While some are focused on tonight’s France-Ireland or Portugal-Bosnia games, another match is taking place in Rome this week. The goal: to find a way to feed 9.2 billion people by 2050.
Since Monday, world leaders, convened at the Food and Agriculture Organization (FAO) Headquarters for the UN World Summit on Food Security, have been reflecting on the best ways to eradicate hunger. A key solution foreseen is to boost agricultural investment in poor countries. New technologies were also discussed as a way to “produce more food with less” – three polemical initials should come to your mind in this regard – GMO!
But the real wake up call was the warning by UN Secretary-General Ban Ki-Moon that failure at next month’s international climate change negotiations would result in a further rise in hunger. “There cannot be food security without climate security”, he said. In particular for countries in Sub-Saharan Africa and South Asia, which already are suffering from declining yields and a worrying frequency of extreme weather events.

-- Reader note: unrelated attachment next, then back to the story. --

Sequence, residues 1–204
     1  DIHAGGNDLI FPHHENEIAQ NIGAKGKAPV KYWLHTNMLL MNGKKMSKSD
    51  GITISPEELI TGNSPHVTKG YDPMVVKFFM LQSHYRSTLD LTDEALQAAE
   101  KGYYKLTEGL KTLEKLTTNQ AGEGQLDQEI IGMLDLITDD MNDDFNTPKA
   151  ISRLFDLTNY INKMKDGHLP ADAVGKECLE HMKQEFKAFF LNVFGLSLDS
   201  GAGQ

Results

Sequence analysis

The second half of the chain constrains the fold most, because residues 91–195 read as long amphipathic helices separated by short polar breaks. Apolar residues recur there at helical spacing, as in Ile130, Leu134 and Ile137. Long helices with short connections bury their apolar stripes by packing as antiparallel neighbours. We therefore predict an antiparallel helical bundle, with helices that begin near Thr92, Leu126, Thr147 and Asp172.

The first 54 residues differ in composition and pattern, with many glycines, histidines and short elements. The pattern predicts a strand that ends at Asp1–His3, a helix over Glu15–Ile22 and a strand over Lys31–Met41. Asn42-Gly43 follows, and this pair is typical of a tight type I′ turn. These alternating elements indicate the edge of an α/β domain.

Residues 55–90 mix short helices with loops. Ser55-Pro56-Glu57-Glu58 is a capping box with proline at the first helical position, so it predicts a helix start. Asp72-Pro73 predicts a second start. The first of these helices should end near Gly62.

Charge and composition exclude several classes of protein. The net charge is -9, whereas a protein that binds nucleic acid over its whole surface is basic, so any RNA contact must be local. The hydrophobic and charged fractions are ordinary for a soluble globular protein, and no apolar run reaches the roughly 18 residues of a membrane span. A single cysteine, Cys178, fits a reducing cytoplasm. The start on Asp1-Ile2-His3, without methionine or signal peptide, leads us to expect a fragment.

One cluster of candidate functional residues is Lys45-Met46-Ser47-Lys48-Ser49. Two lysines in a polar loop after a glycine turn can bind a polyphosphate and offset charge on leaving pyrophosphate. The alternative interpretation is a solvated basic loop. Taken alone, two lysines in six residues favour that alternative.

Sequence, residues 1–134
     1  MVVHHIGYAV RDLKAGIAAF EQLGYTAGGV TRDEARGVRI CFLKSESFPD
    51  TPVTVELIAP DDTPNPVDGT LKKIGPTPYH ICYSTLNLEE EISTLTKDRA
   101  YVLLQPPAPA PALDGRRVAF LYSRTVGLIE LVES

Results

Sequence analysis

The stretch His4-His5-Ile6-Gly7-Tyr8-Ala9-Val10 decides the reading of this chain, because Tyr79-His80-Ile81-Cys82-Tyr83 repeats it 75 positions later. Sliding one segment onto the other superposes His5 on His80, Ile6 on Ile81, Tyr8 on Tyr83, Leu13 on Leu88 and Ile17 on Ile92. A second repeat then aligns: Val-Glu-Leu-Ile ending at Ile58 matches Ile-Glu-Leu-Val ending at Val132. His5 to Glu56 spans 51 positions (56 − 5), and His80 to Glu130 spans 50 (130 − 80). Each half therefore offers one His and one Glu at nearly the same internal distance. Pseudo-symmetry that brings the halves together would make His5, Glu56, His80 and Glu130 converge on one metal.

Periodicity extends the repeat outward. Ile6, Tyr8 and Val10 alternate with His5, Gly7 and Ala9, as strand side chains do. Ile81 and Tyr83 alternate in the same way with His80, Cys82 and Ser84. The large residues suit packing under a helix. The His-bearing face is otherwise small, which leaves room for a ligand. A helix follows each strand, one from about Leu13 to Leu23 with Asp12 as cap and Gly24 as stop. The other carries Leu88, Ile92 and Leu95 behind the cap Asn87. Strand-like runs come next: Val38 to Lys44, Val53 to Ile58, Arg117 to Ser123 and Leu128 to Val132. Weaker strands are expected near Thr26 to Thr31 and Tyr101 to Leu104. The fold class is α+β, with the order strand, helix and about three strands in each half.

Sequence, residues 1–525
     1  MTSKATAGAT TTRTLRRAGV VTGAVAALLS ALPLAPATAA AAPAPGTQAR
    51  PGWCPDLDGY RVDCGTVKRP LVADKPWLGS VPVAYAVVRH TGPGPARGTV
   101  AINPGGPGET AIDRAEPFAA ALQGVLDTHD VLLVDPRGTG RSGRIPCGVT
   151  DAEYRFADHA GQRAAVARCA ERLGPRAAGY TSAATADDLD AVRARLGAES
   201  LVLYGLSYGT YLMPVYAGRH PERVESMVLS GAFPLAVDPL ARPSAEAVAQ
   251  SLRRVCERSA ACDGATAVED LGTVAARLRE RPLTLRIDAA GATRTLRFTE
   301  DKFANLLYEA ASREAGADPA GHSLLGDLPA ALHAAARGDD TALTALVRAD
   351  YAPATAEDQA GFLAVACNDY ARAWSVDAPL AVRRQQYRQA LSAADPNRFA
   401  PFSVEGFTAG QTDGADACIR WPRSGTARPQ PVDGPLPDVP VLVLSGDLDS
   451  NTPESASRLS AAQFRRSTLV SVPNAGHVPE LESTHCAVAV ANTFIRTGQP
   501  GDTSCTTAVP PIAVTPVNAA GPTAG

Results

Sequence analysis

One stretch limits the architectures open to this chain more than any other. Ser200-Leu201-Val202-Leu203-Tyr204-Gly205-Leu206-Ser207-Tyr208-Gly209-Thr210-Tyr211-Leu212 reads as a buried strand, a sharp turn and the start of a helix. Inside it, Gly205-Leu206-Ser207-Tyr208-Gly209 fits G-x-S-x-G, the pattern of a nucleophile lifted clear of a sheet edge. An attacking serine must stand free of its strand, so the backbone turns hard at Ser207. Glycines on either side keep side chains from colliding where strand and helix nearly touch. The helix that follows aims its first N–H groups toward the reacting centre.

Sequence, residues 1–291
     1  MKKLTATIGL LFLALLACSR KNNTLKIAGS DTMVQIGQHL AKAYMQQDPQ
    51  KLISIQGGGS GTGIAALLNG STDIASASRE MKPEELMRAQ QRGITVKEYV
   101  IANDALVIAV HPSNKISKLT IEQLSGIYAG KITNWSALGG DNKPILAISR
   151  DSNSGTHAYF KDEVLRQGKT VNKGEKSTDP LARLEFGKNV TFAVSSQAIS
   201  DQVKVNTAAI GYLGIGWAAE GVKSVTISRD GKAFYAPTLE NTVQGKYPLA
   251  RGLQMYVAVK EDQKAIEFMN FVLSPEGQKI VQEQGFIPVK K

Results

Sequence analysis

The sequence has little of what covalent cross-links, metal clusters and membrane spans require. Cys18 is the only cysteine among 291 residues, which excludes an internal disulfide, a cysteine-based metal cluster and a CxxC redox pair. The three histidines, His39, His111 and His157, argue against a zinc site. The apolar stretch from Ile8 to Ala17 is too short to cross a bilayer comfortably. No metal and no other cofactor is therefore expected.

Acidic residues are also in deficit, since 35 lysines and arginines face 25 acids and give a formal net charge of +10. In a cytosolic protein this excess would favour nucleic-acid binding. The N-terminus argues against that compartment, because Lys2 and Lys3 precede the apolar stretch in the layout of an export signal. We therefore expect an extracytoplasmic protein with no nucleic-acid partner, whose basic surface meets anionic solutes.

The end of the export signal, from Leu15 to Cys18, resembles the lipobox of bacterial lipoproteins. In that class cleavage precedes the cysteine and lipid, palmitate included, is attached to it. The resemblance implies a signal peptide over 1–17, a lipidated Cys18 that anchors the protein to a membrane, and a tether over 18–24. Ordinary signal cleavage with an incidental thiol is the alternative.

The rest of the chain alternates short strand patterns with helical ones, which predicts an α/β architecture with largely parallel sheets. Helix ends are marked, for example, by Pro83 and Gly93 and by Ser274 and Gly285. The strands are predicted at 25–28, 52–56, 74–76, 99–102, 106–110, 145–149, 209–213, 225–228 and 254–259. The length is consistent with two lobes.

But can climate change and hunger be solved together? The biofuel example, which has introduced competition between “crops for food” and “crops for fuel” and exacerbated the rise in food prices, proves that if the two problems are linked, then it is necessary to find joint solutions.
UK Minister Jim Fitzpatrick declared that food and climate security were “two sides of the same coin”. Well, the die is cast but there are no doubts about the bets of politicians. If Copenhagen and its preparation have been focusing political attention for over a year, many noted that Italian Prime Minister Silvio Berlusconi was the only G8 leader to attend the UN Food Summit. Let’s just hope that political will is not the only key to buck the hunger trend.
If you want to play a role on the ground, you could start by taking a Fair Trade Breakfast this weekend. This Oxfam initiative should be a convivial opportunity to familiarise people with the issues surrounding global trade and its impact on hunger in poor countries.